Elevation of the intracellular Ca2+ concentration ([Ca2+]i) is a central event during platelet activation. We have identified the Ca2+ sensor stromal interaction molecule 1 (STIM1) and the Ca2+ channel proteins Orai1 and TRPC6 as key regulators of Ca2+ homeostasis in platelets, and provided evidence that blocking of Ca2+ signalling in platelets might become a promising antithrombotic approach. On the other hand, it has been known for more than 50 years that Mg2+ is a natural antagonist of Ca2+ signalling and altered Mg2+ homeostasis is described in many cardiovascular diseases, especially in patients with coronary heart disease, arrhythmias, acute myocardial infarction, hypertension and stroke. We hypothesise that the abnormal function of Mg2+ channels may contribute to the development of aberrant Ca2+ homeostasis in platelets thereby inducing abnormal platelet activation and a pro-thrombotic phenotype in vivo. Although Mg2+ entry has been described in megakaryocytes (MKs) and platelets, the molecular composites of Mg2+ channels and their signalling functions are unknown.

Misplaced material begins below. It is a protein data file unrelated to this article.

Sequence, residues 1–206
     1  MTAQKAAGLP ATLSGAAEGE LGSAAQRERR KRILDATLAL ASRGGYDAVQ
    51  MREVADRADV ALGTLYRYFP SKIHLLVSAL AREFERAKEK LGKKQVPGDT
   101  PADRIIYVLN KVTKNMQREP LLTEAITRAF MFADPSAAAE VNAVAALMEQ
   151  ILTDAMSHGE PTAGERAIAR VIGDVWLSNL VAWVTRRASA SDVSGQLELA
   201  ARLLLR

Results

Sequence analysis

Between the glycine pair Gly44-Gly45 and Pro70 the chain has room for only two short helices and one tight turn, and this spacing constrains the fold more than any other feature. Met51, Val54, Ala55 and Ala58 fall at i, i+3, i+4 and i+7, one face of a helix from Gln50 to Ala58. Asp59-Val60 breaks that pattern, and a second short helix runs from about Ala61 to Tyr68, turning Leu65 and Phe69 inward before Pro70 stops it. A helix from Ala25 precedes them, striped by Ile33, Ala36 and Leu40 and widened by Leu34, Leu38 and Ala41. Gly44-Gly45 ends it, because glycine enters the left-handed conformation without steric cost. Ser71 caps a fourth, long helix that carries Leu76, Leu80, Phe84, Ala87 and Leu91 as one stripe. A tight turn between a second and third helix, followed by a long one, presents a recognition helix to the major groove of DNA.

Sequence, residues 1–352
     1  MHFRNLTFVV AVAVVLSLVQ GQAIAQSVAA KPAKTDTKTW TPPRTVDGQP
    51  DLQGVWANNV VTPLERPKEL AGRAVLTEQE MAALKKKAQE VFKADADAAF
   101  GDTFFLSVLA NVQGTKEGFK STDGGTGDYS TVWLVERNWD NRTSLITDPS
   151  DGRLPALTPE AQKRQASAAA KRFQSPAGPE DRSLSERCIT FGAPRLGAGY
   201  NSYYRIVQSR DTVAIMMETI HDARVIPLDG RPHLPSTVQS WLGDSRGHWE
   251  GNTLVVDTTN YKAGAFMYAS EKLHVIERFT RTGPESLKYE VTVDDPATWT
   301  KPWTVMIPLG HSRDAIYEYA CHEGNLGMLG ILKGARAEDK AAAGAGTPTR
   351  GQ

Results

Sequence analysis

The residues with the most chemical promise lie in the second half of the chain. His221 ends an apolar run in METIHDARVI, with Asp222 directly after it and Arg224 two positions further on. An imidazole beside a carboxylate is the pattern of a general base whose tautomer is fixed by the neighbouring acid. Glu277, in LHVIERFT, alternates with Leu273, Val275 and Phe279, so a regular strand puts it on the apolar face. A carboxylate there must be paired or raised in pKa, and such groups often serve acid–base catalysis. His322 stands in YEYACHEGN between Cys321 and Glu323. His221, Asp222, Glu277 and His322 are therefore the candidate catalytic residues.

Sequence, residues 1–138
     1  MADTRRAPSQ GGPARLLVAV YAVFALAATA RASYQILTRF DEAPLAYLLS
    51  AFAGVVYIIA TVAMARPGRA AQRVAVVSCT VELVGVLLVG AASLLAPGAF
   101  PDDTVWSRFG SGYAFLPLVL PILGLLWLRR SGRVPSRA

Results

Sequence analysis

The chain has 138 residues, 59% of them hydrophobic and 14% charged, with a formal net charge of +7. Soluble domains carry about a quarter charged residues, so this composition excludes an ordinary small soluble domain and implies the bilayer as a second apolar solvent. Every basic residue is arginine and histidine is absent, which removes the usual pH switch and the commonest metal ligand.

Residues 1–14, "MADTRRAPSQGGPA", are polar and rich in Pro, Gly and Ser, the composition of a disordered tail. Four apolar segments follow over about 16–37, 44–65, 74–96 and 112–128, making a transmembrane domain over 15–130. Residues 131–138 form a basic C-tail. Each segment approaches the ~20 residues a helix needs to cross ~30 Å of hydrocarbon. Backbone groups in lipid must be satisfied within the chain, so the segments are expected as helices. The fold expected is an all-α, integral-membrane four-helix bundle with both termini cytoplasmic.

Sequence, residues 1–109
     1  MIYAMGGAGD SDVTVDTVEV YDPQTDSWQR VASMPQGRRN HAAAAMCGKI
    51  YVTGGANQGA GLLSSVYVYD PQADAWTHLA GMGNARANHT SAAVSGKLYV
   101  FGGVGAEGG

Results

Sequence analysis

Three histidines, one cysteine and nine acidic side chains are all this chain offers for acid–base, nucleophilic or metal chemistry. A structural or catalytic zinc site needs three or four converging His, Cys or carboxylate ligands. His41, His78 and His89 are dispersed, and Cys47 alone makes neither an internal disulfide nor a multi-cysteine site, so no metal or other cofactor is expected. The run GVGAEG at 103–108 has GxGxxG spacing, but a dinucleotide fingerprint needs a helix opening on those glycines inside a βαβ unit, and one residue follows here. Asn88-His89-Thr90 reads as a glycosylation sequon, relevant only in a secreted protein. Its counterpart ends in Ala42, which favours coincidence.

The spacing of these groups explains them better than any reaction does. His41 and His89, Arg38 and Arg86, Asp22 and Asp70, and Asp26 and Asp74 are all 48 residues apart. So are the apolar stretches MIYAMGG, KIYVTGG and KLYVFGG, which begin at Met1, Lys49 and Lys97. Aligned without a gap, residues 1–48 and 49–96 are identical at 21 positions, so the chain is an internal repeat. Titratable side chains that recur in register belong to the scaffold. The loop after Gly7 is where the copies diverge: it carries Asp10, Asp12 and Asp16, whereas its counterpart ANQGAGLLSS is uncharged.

In preliminary studies, we have identified TRPM7 channel and MagT1 transporter to be expressed in murine platelets and started to analyse their functions in MKs and platelets under normal and pathological conditions using knock-out (MagT1-/-, Trpm7fl/fl Pf4-Cre) and knock-in (Trpm7ΔKIN) mouse models. First results show that the Trpm7ΔKIN mutation, which deletes the kinase activity of TRPM7, causes a marked Ca2+ signalling defect downstream of GPVI activation in platelets resulting in defective thrombus formation under flow and protection of Trpm7ΔKIN mice in models of arterial thrombosis and ischaemic stroke.
In a second part of the project, we want to study the effect of hypomagnesaemia on megakaryopoiesis and platelet function in vivo. For these studies we intend to use Trpm6-/- mice, which develop severe hypomagnesaemia 6-10 weeks after birth. This in vivo model will provide important information on how the blood Mg2+ concentration influences platelet function in vivo.